Kootenai County’s already weakened trees caught a break Wednesday from Mother Nature.
A high wind warning issued Tuesday by the National Weather Service said to expect sustained winds of 35-40 mph with gusts up to 60 mph between 8 a.m. and 7 p.m.
The warning was downgraded to a wind advisory late Wednesday morning, and the advisory expired at 4 p.m.
While utility companies, emergency responders, schools and public safety officials braced for the worst, it was not a repeat of the Nov. 17 windstorm that devastated the region and left thousands without power for days.
“We did get the wind,” said meteorologist Randy Mann. “It just moved through rather quickly.”
Wind speeds peaked early in the morning with a 61 mph gust recorded at Coeur d’Alene Airport at 7:15 a.m. and a 52 mph gust in Post Falls at 7 a.m.
There were scattered reports of power outages.
Unlike the November storm, this weather system brought a significant amount of moisture.
“These are drought-breaking rains here," Mann said.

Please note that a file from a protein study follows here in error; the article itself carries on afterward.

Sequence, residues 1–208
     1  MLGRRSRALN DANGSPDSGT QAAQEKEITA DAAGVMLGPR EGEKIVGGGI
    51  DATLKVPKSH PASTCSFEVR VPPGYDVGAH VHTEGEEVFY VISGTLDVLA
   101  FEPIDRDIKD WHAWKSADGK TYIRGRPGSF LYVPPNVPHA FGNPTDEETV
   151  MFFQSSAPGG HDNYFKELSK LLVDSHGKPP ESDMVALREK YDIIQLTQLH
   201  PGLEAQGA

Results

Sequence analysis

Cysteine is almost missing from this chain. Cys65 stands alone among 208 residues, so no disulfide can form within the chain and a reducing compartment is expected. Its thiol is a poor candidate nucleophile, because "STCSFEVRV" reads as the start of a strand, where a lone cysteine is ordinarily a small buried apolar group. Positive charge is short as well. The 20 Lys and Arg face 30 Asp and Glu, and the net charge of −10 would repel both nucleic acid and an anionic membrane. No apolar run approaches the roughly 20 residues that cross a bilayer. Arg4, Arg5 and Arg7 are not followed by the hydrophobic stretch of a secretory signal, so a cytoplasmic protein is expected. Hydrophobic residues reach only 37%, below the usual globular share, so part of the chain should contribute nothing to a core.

A flood advisory remained in effect for Kootenai County and the surrounding North Idaho counties until 12:15 a.m. today.
The hardest hit regions for flooding, according to National Weather Service reports, were Bonner and Boundary counties where a flood warning was issued. By mid-afternoon Wednesday, 3-5 inches of rain was recorded in certain areas of those counties, with numerous reports of lowland flooding and swollen creeks.
Closer to home, a significant rise in the Coeur d’Alene River at Cataldo was reported, but no mainstream river flooding was expected.
“We’re not done,” Mann said.
He noted several more storm systems will be moving through the area over the next few days, and they are expected to bring more rain and some light snow.
No significant accumulations are forecast, although there is a chance of 1-2 inches of snow Saturday.